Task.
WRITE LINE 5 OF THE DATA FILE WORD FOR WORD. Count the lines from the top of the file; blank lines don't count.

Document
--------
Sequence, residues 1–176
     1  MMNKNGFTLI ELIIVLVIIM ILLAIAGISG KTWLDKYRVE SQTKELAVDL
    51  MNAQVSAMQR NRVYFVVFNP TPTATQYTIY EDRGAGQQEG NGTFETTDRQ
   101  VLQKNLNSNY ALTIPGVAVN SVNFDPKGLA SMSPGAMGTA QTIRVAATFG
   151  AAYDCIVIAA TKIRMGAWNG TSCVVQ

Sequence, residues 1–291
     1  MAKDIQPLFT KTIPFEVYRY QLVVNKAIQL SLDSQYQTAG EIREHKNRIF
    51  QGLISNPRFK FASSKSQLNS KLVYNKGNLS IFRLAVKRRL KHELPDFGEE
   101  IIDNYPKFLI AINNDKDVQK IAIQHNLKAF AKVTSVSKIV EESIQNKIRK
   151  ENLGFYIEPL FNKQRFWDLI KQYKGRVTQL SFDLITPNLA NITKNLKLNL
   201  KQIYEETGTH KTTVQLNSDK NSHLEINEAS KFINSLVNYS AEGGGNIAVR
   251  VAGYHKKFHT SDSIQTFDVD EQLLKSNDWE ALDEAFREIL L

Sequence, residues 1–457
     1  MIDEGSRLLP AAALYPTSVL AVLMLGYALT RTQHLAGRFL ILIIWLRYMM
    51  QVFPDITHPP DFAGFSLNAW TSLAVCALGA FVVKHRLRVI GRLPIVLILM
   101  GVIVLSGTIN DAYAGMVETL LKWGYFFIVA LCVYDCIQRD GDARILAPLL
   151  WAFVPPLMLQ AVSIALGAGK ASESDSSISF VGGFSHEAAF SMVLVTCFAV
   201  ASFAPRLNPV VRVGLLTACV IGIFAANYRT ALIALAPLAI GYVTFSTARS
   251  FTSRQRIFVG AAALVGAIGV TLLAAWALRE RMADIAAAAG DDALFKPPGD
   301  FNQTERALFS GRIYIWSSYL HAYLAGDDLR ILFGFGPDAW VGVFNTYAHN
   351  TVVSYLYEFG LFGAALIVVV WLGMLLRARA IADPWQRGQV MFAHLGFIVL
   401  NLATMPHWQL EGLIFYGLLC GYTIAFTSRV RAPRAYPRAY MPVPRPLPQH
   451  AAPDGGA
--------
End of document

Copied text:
   151  AAYDCIVIAA TKIRMGAWNG TSCVVQ